Based on the manga series of the same name. The series is set in Japan during the mid-Tokugawa Shogunate period and follows the cursed samurai Manji, who has to kill 1000 evil men in order to regain his mortality.
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The production values and overall tone of Takashi Miike's hundredth film vary wildly from scene to scene, and - shockingly - the action sequences just...aren't very good. Miike took the opportunity to cast several Japanese genre luminaries, so it's no surprise performances here are excellent across the board; but the film is about twice as long as it needs to be, and feels so slick it lacks the wildcard Miike touch.
If all that over-the-shoulderesque riding and looking and wandering around kept putting me in mind of playing Shenmue while I watched Kaili Blues last week, the massively multi-opponent hand-to-horde combat scenes that bookend Blade of the Immortal cast me back to the old Dynasty Warrior games, foaming over with endless waves of berserking expendables. Not a very illuminating observation, but an uncanny regression.
Takashi Miike's 100th outing as a director is a sublime creation melding his take on the traditional samurai film with the gonzo hybrid of genres his past oeuvre has contained but with restraint and care. Meticulous in its construction this is Mikke at his best surpassing both '13 Assassins' and 'Hara-Kiri'; his previous attempts at traditional samurai film. Well cast with Takuya Kimura impressing in the lead.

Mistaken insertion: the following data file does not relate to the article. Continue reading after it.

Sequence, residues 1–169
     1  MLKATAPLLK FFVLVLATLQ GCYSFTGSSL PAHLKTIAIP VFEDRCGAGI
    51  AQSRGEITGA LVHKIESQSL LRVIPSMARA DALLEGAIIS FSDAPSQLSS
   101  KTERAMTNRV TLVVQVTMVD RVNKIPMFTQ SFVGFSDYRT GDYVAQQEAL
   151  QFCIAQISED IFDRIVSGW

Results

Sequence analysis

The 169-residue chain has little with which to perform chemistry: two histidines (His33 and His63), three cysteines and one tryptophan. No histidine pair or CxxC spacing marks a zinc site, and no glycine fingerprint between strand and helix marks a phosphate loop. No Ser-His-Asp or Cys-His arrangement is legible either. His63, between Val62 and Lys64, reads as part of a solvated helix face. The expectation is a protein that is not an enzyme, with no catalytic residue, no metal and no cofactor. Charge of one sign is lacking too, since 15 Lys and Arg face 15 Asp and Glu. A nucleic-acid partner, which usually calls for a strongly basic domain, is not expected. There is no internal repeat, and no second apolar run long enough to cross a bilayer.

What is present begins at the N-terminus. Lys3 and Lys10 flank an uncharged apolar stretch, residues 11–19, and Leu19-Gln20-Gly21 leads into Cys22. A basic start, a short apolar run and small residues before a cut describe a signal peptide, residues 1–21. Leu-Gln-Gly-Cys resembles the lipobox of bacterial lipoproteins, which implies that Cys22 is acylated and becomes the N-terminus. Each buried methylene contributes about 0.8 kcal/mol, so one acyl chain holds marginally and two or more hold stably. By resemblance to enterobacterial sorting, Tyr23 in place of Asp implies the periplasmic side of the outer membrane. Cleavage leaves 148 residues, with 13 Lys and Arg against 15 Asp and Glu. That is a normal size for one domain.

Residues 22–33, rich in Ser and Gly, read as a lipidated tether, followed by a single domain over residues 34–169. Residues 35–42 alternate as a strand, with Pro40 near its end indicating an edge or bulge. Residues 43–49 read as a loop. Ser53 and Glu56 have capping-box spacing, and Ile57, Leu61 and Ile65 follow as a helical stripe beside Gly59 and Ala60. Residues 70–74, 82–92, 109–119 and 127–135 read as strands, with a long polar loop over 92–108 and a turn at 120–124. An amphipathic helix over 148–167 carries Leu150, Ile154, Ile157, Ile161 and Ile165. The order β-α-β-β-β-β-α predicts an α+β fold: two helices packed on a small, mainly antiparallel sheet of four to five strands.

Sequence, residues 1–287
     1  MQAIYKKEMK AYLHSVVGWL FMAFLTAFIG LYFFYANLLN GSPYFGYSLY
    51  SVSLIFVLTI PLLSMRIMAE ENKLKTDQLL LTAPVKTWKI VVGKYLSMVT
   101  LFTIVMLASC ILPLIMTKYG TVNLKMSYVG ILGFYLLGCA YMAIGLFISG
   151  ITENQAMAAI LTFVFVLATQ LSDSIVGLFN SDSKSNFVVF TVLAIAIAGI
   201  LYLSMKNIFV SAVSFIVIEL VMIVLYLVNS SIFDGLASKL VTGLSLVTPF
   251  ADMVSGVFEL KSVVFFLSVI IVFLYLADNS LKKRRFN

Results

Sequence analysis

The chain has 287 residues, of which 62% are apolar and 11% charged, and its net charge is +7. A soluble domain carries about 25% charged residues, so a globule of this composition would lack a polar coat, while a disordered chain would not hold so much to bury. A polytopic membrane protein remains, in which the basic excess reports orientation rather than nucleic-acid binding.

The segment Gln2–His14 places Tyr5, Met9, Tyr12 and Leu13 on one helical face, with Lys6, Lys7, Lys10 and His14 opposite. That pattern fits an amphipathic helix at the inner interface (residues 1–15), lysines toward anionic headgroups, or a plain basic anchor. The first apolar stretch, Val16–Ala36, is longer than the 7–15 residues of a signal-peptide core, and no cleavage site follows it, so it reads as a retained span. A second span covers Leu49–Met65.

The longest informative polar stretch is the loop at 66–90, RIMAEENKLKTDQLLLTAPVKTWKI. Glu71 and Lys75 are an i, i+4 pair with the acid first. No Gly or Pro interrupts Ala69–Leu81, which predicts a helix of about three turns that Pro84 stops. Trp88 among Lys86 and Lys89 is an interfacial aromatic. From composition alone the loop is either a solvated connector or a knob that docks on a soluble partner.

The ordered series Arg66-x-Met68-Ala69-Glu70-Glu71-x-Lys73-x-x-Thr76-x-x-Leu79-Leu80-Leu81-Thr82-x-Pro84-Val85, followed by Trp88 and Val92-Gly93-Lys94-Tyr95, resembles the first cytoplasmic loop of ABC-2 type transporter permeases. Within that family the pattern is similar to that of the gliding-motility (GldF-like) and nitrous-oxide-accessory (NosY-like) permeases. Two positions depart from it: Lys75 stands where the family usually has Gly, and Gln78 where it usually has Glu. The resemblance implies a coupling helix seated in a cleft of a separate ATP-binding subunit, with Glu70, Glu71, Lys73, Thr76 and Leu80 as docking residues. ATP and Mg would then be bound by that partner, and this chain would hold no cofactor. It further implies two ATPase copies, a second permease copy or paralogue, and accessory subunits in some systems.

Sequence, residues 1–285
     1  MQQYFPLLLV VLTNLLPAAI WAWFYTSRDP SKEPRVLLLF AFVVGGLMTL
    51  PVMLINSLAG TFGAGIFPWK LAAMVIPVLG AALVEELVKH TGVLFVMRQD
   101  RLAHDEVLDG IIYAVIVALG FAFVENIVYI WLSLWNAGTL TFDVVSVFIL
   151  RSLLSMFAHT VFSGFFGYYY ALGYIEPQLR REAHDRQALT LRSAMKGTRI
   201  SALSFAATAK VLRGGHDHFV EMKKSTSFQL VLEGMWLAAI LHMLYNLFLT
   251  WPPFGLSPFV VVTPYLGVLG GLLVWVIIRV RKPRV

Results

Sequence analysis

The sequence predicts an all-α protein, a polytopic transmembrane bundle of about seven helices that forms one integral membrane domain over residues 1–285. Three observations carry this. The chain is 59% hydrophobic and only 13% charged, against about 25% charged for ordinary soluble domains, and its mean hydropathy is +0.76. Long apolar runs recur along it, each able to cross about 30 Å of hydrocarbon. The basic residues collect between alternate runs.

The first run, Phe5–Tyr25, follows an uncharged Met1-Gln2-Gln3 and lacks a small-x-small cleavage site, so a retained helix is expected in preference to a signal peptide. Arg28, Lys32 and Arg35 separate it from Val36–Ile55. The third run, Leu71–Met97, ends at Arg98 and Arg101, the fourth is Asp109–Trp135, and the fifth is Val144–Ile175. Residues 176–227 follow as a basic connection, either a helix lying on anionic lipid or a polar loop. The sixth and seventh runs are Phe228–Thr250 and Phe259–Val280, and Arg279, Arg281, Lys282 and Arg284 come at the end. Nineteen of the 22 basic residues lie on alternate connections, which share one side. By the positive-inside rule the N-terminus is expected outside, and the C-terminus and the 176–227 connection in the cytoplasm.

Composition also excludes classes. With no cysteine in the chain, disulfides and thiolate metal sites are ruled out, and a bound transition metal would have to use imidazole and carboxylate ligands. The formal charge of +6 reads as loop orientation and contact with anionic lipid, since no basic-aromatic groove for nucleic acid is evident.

Exquisite, almost sculptural, each frame betraying incredible fastidiousness, it is striking the we now find ourselves in 2017 bearing witness to Takashi Miike, creator of white elephant art. BLADE does for the samurai film what John Huston did when he gussied-up the bargain basement noir w/ THE ASPHALT JUNGLE. I would like to issue a prophecy: many years from now 13 ASSASSINS and BLADE will be considered classics.
Smoke of blood billowing, million of body bursting, vermillion of blade breeding, new brood of Miike however never accomplished the honor of bloody annihilation, interweaved with bloody heavy-handed drama, which makes me wish there were blades only.
Ahia. Sono abituato ad un Miike decisamente diverso, dai tratti più eleganti e dalla regia decisamente più misurata. L'estremizzazione della violenza samurai è un tratto che trovo apprezzabile in molte opere cinematografiche nipponiche, ma solo in presenza di una sceneggiatura solida che la giustifichi. Qui, di quella sceneggiatura, manco l'ombra. Si difende solo la fotografia, comunque inferiore ai soliti standard.
The fights are uninspired, no-frills affairs (despite their sizeable magnitude), and the plot is way too loose to justify the runtime, but the two lead characters make this worth watching: the adorably grumpy, world-weary Manji with his iconic look, and "pain in the ass" Rin, whose fierce devotion to justice and fairness often comes at the expense of her own safety. Miike "the director" kinda gets buried here.
Miike's 100th is a classical-goes-zany mix of over the top manga and elegant samurai fictions. As cool as it is to kill hundreds and hundreds of henchmen on the screen, it's still overlong and even a bit boring at times for my tastes. I wish there was more of the El Topo-like "way of the warrior" mumbojumbo as seen in the first 45 minutes. "13 Assassins" remains Miike's crown.